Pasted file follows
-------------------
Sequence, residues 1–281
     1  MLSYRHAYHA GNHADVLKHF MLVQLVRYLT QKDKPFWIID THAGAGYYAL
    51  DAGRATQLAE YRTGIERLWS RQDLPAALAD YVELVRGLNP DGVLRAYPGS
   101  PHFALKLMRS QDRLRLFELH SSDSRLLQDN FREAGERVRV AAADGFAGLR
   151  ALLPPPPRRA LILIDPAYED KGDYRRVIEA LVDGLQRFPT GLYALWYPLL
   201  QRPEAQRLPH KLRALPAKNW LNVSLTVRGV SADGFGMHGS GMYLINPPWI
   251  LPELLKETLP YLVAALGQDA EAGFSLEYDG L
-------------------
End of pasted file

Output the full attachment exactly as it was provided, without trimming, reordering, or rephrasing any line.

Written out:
Sequence, residues 1–281
     1  MLSYRHAYHA GNHADVLKHF MLVQLVRYLT QKDKPFWIID THAGAGYYAL
    51  DAGRATQLAE YRTGIERLWS RQDLPAALAD YVELVRGLNP DGVLRAYPGS
   101  PHFALKLMRS QDRLRLFELH SSDSRLLQDN FREAGERVRV AAADGFAGLR
   151  ALLPPPPRRA LILIDPAYED KGDYRRVIEA LVDGLQRFPT GLYALWYPLL
   201  QRPEAQRLPH KLRALPAKNW LNVSLTVRGV SADGFGMHGS GMYLINPPWI
   251  LPELLKETLP YLVAALGQDA EAGFSLEYDG L